Humour’s also on the agenda in Good Trouble, by the sound of it, a collection of short stories by Joseph O’Neill, author of the much-lauded Neverland. Good Trouble’s characters are brought face to face with both who they are and who they will never be, apparently. ‘Packed with O’Neill’s trademark acerbic humour, Good Trouble explores the maddening and secretly political space between thoughts and deeds’ say the publishers promisingly.

A. M. Homes’ Days of Awe is another collection I’m eager to sample. These thirteen pieces explore ‘our attachments to each other through characters who aren’t quite who they hoped to become, though there is no one else they can be. Her first book since the Women’s Prize-winning May We Be Forgiven, Days of Awe is another visionary, fearless and outrageously funny work from a master storyteller’ say the publishers. Looking forward to this one very much. Cover images

I’m saving what I suspect will be the very best until last with this month’s third short story collection. William Trevor’s Last Stories comprises ten pieces described by the publishers as ‘exquisite, perceptive and profound’ and for once I won’t be arguing with their superlatives. This will undoubtedly be a treat to savour for all who treasure quietly understated, elegantly lyrical prose, and that jacket is lovely.

That’s it for the first part of June’s paperback preview; pretty tempting I hope you’ll agree. Should you want to know more, A click on the first three titles will take you to my review, and to a more detailed synopsis for the other five. If you’d like to catch up with June’s new novels they’re here and here. More paperbacks soon… 

29 thoughts on “Paperbacks to Look Out for in June 2019: Part One”

  1. Apart from The Great Believers I reckon I can resist these offerings -I’m determined to use the 20 Books of Summer reading challenge to get y TBR list below 300!

  2. Portia - The Owlery Reader

    I loved Ghost Wall. Totally agree about the ending. I read the last part so quickly because I desperately wanted it to be over! Incredibly tense.

  3. I wasn’t overly keen on Super Sad True Love Story so not sure about Lake Success. I do really want the William Trevor collection though – he was such a master.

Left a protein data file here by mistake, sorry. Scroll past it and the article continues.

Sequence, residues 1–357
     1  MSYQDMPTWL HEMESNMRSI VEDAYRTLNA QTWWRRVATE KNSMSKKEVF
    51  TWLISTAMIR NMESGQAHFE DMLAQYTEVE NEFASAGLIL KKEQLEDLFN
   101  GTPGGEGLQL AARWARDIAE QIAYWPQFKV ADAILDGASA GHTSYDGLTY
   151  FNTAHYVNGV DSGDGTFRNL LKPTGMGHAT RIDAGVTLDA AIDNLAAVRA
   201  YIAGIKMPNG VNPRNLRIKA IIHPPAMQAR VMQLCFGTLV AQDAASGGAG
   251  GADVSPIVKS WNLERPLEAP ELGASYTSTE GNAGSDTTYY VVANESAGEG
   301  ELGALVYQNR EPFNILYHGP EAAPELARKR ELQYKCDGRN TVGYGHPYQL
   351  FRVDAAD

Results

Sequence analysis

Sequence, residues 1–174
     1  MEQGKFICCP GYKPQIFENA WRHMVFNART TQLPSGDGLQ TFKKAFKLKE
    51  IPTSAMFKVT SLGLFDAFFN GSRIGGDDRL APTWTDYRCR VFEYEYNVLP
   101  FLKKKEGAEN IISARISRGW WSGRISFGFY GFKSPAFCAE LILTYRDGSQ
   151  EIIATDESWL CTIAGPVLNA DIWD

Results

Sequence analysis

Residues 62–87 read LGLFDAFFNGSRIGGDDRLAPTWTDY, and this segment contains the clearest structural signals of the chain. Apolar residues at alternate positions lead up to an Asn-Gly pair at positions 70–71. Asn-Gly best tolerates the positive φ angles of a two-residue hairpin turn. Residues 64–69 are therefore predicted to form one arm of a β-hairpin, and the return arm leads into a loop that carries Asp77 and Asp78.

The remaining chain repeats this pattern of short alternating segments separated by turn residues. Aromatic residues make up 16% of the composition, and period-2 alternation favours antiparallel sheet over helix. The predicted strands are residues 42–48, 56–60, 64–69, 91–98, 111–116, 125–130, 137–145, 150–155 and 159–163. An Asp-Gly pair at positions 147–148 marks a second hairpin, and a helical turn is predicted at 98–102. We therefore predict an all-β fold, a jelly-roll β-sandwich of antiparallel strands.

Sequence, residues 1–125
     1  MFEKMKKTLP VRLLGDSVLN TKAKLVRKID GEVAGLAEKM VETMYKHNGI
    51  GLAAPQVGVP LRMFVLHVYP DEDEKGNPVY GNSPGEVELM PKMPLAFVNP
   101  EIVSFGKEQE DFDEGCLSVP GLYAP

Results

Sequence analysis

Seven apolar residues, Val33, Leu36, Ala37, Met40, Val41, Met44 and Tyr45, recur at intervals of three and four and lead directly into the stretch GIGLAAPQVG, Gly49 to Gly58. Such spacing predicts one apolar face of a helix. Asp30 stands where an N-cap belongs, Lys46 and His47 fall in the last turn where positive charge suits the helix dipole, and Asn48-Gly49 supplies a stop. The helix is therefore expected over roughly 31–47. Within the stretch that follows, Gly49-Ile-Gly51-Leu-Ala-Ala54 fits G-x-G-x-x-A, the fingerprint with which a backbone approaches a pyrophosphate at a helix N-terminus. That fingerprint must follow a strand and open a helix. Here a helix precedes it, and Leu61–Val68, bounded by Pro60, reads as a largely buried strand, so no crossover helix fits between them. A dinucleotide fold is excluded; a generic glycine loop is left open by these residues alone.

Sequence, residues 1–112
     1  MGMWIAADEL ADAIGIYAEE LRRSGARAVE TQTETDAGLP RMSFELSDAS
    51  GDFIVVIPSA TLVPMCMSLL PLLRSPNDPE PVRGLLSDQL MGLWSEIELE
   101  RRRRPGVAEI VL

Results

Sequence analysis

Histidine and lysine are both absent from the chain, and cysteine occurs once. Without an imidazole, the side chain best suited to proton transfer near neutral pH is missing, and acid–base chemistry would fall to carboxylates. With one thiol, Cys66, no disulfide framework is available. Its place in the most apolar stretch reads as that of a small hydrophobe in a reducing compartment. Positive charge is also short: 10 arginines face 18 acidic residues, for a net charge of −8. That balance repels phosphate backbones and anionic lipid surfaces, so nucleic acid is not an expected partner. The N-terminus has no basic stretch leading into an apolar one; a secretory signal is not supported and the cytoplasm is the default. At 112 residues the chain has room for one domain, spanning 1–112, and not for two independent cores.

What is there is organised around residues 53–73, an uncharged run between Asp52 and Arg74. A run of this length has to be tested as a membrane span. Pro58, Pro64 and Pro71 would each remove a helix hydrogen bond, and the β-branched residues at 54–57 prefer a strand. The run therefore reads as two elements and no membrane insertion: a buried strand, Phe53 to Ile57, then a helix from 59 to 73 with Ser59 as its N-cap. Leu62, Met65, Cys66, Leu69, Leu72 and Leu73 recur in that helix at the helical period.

1. I wanted to like SSTLS partly because of the hype surrounding it but it left me cold. I do like the idea of a ‘master of the universe’ being reduced to travelling the Greyhounds, though. No doubts whatsoever about the Trevor.

  4. I had a good mooch in the bookshop yesterday afternoon but came away empty handed. Absolutely nothing really called out to me. Now if I had seen the Sarah Moss I would have been happy.

      1. I often find when I go shopping with a specific purpose in mind to buy (not just books) , then I end up empty handed but when I am in mooch mode, I come home laden….

  5. I’ll be picking up the William Trevor, for sure. My only concern is whether I ought to go back and read some of his other stories first. Have you read any of his earlier collections? I know you’re a fan of his novels, but I’m trying to recall whether you’ve written about any of the stories.

  6. I have seen mixed reports of Ghost Wall, but I am drawn to it (though not at the moment too many books). Not sure the ending will suit me though. I really like the sound of the William Trevor stories.

  7. I have never read any Andrew Miller, but I saw him at Adelaide Writers’ Week a few months ago promoting this new book and it sounded great. I’ll have to give him a try 🙂

    1. I hope you do, and this one would be a good place to start although Ingenious Pain is superb. Did he mention future writing plans at the Writers’ Week? I’m hoping he’s going to stick to historical fiction.

  8. I really must read Sarah Moss, I hear such good things. No surprise that Four Soldiers is also extremely tempting to me – I looked in the library but it didn’t have it, I may have to actually buy it!

  9. I have Ghost Wall in my library stack right now (along with many other books). I’m really hoping to get to it before it’s due back!
    I’m also thinking I would love Andrew Miller.